Clean hydrogen energy from nuclear power is having a good week

June 8, 2022, 12:00PMNuclear News
A depiction of an electrolyzer from Bloom Energy. (Photo: Bloom Energy)

Using nuclear power technology to produce clean hydrogen is getting a visibility boost as the Department of Energy hosts a virtual three-day (June 6–8) Annual Merit Review and Peer Evaluation Meeting on the agency’s efforts to accelerate clean hydrogen production. On June 6, the DOE announced a notice of intent (NOI) to fund the Bipartisan Infrastructure Law’s $8 billion program to develop regional clean hydrogen hubs (H2Hubs) and the launch of a new Hydrogen Shot Incubator Prize that seeks “disruptive technologies” to reduce the cost of clean hydrogen production. That same day, Westinghouse Electric Company and Bloom Energy Corp. (a maker of solid oxide electrolyzer technology) announced a letter of intent to develop electrolyzers for use in the commercial nuclear power market and said they are “well positioned to support the U.S. Department of Energy’s developing hydrogen hubs.”

Colorado county looking at SMRs to replace coal

October 21, 2021, 7:16AMNuclear News

The expected early retirement of a massive coal plant in Pueblo County, Colo., has the county commissioners mulling small modular reactors as a power source replacement.

The plant in question is Xcel Energy’s three-unit Comanche Generating Station, Colorado’s largest single source of greenhouse gas emissions. In 2018, Xcel received approval from the Colorado Public Utilities Commission (PUC) to retire Units 1 and 2 in 2023 and 2025, respectively. And earlier this year, the company filed a proposal to close the much newer Unit 3 in 2039—three decades earlier than expected. (Xcel also plans to run the unit at only 33 percent, beginning in 2030.) Meanwhile, environmental groups have been pushing for the closure of Unit 3 by the end of the decade.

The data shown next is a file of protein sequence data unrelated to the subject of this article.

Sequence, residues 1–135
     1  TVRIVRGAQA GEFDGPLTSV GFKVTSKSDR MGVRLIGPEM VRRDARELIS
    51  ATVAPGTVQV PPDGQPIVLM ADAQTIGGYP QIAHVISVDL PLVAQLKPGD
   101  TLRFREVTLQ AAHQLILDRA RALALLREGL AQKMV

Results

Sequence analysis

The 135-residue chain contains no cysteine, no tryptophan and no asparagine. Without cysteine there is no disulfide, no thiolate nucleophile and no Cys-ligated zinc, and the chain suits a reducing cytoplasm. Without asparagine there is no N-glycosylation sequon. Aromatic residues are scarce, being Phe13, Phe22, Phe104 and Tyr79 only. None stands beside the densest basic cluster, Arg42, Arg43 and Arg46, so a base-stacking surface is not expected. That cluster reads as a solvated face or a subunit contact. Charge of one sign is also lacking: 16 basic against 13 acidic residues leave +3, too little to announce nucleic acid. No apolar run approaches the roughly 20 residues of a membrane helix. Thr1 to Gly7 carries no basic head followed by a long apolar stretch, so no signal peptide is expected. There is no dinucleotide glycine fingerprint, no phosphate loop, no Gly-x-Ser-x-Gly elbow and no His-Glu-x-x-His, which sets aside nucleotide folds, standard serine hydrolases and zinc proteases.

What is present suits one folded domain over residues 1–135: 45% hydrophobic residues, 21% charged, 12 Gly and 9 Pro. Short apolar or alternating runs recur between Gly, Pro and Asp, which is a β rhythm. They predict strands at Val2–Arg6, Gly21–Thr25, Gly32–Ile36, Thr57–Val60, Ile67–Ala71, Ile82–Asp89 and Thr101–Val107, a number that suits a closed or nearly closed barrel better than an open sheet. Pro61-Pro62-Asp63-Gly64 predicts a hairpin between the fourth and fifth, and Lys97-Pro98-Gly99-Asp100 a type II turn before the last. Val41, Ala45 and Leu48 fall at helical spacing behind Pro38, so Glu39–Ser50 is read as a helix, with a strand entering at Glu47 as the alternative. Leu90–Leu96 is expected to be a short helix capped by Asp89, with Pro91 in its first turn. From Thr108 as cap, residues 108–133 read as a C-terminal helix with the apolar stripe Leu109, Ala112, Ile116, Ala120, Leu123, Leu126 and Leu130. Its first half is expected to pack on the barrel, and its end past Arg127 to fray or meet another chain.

Palo Verde gets $20 million to make hydrogen while the sun shines

October 8, 2021, 9:30AMNuclear News
APS’s Palo Verde plant

Arizona Public Service is the latest nuclear utility with confirmed plans to install hydrogen production capacity, an investment decision that is based on analysis conducted under the Department of Energy’s H2@Scale program and backed by a $20 million DOE award.

Legislation to spur clean energy innovation debuts on Capitol Hill

July 30, 2021, 7:00AMNuclear News

Approximately 40 percent of cumulative carbon dioxide emission reductions needed to meet sustainability targets rely on technologies not yet commercially deployed on a mass-market scale, according to last year’s Special Report on Clean Energy Innovation from the International Energy Agency.



Intent on lowering that percentage, both the Senate and House earlier this week introduced bipartisan legislation to rapidly scale up and diversify emerging energy technologies. On July 27, Sens. Mike Crapo (R., Idaho), ranking member of the Senate Finance Committee, and committee member Sheldon Whitehouse (D., R.I.) introduced the Energy Sector Innovation Credit (ESIC) Act, or S. 2475. The credit, according to Crapo’s office, is a technology-inclusive, flexible investment tax credit (ITC) or production tax credit (PTC) designed to promote innovation across a range of clean energy technologies, including generation, energy storage, carbon capture, and hydrogen production.

Xcel Energy’s Prairie Island likely hydrogen demo site

November 11, 2020, 9:33AMNuclear News

Xcel Energy’s Prairie Island plant. Photo: Xcel Energy

Xcel Energy’s Prairie Island is the probable location for the nation’s first demonstration of high-temperature steam electrolysis at a nuclear power plant. Idaho National Laboratory, which plays a key role in a hydrogen demonstration project launched last year with Xcel Energy, Energy Harbor, and Arizona Public Service (APS), announced on November 9 that Prairie Island, which houses two 550-MWe pressurized water reactors, would likely be chosen over the one-unit boiling water reactor plant at Monticello.

Minneapolis-based Xcel Energy will work with INL to demonstrate a system that uses the plant’s steam and electricity to split water. The resulting hydrogen will be used at the power plant, but excess hydrogen could be sold to other industries. Hydrogen has applications in transportation and in industrial sectors, including steel and ammonia production.